Editorial Board with Democratic Congressional candidate Brent Welder
Who would’ve thought that in 2018, in the age of Donald Trump and high-level social media strategies and sophisticated 30-second TV ads, that there still would be room for bare knuckles rapping on doors?
“Hi, I’m Brent Welder, and we’re running against Kevin Yoder.”
This, in a sprawling congressional district.
But there was Welder on Saturday in the Turner neighborhood of Kansas City, Kan., pounding the pavement as he went door-to-door more than three months from primary election day. In the rain. On this gray morning, only two potential voters of the first five houses Welder visited opened their doors.
No matter. Onward the Democratic candidate for the 3rd District of Kansas trekked, one house at a time. Sarah Cooper was the second voter who opened her door that morning. Welder explained he was trying to get his name on the ballot via petition. Would she sign?
“We’re doing it the old-fashioned way — person to person,” he said.
At this house and at others, Welder did something unusual for a politician: He spoke fewer words than Cooper, listening as the senior citizen outlined the challenges of living on a limited income as a former office administrator.
“I don’t want it tinkered with,” Cooper said at one point about Social Security.
In a steady hour of walking, Welder had conversations with precisely two voters. But even in a district of 722,973 residents, Welder has come to regard door-to-door canvassing as a campaign staple along with other modern-day strategies. It’s all about connecting and spreading the word.
But is he right? Does door-to-door still have a place in a massive congressional district? Or should Welder be back in the office dialing for campaign dollars?
Here’s betting that Welder is onto something. In a primary field with six others, many of them little-known political newcomers, the Democratic race is expected to be close. So every tactic should be employed.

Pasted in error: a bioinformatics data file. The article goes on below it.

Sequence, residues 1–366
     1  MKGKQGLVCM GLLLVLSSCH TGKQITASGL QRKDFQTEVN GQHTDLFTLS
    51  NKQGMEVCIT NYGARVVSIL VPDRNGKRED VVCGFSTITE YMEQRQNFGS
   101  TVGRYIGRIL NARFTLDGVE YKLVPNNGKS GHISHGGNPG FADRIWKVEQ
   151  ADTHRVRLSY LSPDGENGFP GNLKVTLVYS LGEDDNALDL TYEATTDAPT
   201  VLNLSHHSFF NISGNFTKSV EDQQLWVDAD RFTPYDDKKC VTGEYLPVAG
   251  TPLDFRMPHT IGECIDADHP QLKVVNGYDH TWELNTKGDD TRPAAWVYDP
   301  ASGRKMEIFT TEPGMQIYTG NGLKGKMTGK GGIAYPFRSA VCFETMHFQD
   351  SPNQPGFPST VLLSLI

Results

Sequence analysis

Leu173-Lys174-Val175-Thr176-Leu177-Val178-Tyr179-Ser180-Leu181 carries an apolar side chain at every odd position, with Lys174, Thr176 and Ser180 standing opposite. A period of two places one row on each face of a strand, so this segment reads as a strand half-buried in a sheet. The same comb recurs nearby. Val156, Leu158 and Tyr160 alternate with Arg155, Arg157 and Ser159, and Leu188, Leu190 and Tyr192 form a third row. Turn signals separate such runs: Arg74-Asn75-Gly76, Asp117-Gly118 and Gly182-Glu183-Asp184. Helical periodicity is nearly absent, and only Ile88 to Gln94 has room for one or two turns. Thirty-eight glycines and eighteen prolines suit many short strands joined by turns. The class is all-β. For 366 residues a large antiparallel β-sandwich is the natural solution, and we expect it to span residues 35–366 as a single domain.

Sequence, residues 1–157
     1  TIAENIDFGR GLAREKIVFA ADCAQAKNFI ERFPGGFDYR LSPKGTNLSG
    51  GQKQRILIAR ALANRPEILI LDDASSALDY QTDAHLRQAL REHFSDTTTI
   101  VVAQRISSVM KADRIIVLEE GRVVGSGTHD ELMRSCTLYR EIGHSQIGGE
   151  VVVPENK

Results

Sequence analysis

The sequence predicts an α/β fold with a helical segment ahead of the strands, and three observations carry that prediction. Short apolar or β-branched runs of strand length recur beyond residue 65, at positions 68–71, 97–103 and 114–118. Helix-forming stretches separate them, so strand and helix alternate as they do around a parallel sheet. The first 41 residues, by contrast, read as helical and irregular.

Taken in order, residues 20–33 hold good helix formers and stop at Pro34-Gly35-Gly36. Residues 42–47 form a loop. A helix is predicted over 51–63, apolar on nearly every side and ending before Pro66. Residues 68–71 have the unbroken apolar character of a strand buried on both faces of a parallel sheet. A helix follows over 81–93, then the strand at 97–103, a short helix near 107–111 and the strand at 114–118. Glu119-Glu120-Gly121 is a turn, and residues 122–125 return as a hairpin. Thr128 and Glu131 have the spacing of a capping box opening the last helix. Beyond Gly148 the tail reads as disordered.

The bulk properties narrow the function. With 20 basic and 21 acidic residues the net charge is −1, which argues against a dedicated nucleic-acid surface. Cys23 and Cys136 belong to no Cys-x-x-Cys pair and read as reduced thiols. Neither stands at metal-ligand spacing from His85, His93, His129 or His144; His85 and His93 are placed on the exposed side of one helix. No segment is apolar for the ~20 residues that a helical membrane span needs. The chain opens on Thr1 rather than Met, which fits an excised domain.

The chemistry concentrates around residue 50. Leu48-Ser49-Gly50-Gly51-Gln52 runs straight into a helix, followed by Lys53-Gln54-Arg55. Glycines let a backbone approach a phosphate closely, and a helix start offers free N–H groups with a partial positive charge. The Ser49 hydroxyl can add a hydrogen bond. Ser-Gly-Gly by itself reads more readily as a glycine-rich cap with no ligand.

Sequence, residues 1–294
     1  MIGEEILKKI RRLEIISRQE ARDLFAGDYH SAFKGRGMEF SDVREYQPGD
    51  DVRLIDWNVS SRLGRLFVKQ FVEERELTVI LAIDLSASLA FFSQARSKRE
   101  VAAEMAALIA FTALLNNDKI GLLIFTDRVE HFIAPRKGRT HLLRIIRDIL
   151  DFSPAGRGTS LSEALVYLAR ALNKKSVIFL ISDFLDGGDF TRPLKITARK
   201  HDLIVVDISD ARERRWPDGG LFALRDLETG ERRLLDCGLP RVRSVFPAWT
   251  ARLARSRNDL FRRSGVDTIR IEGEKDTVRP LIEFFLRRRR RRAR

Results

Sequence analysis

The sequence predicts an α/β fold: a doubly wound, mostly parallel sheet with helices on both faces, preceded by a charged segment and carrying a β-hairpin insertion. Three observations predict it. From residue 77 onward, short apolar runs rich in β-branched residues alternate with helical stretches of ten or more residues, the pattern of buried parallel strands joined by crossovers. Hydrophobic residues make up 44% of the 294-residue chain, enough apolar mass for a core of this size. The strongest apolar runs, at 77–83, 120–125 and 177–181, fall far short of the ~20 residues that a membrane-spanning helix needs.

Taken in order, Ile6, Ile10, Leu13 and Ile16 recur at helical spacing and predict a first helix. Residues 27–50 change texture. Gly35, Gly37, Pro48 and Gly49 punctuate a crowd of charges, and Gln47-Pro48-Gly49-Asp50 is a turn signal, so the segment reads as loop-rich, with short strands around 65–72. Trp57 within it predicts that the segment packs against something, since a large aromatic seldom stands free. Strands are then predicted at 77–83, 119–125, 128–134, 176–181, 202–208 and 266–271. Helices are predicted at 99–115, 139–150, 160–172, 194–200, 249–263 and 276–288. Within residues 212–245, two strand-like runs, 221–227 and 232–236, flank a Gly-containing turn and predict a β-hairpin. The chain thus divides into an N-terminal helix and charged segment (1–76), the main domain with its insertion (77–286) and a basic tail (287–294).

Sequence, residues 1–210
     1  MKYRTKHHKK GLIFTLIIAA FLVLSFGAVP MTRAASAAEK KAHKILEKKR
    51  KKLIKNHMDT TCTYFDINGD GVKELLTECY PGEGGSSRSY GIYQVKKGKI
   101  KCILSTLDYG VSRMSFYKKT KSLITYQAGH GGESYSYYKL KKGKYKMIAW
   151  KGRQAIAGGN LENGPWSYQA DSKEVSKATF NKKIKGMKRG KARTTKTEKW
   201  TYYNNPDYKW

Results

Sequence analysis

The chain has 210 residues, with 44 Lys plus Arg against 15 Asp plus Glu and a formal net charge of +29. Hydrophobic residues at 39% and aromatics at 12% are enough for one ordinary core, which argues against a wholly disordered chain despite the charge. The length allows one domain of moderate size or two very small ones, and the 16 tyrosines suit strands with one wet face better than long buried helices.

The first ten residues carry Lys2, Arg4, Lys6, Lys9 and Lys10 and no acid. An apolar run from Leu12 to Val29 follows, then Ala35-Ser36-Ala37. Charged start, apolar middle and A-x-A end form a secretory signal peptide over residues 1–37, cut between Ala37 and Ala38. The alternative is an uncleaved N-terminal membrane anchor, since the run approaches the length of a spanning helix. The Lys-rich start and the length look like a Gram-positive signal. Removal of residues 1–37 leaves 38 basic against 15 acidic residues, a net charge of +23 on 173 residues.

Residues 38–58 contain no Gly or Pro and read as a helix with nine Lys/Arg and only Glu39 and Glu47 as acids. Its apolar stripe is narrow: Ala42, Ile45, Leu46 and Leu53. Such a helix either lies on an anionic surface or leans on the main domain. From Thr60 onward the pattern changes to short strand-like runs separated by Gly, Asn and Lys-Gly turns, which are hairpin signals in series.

Even today, forging personal connections is regarded as the most effective way to persuade a voter.
In Kansas City, for instance, paying for door knockers chewed up about one-third of the budget to pass the new airport in November. Paid walkers rang scores of doorbells to pass the general obligation bond issue and renew the earnings tax.
Phil Scaglia, the long-time Kansas City political consultant who oversaw those campaigns, said the goal is to touch each voter eight times. That can include direct contact with a door knocker, but also through mailers and phone banks and TV ads and Facebook.
Estimates suggest that just 40,000-60,000 Democrats will cast ballots in the 3rd District primary in August. If Welder can reach 400 or 700 of them, that could give him an edge, even though on Saturday, it seemed futile at times.
Still, Scaglia said voters will probably remember “the nice man who came to the door when it was raining.” The subtle message also might be if Welder is willing to work that hard now, maybe he’ll do the same in office.
Other 3rd District campaigns have made similar calculations. Candidate Tom Niermann gets out once a week. His efforts, much like Welder’s, are supplemented by volunteers who also knock on doors to forge those personal connections.
Nothing about Welder’s efforts were random. An aide guided him to households that metrics suggested would be home to primary voters interested in a candidate like him.
Each visit ended with the ask: “Can I count on your vote in the Aug. 7 primary?”
Sarah Cooper didn’t hesitate. Yes, she said. Yes, you can.